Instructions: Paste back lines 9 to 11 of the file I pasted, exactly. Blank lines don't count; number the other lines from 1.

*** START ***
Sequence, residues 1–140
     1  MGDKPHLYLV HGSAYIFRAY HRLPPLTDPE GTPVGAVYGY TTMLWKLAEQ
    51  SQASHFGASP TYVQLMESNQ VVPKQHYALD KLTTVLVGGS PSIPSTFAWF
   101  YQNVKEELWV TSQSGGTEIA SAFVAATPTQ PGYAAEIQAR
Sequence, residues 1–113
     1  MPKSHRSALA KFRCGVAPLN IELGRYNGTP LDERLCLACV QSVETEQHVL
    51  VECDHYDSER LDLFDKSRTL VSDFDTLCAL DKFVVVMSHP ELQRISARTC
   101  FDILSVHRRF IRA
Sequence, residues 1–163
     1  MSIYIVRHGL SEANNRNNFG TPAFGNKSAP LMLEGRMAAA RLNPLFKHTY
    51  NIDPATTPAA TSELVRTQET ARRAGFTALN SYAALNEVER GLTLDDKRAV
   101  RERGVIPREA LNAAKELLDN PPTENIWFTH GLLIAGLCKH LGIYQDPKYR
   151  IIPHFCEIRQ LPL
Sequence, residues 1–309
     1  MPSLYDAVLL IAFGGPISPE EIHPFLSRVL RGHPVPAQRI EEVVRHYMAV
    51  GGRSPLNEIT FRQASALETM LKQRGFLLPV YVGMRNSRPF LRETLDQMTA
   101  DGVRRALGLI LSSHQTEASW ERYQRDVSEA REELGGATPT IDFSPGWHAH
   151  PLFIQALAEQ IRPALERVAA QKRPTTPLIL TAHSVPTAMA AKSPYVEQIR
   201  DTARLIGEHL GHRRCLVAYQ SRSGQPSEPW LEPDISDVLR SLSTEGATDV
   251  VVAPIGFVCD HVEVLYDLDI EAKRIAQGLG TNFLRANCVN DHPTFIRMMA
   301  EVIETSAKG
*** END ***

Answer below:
Sequence, residues 1–163
     1  MSIYIVRHGL SEANNRNNFG TPAFGNKSAP LMLEGRMAAA RLNPLFKHTY
    51  NIDPATTPAA TSELVRTQET ARRAGFTALN SYAALNEVER GLTLDDKRAV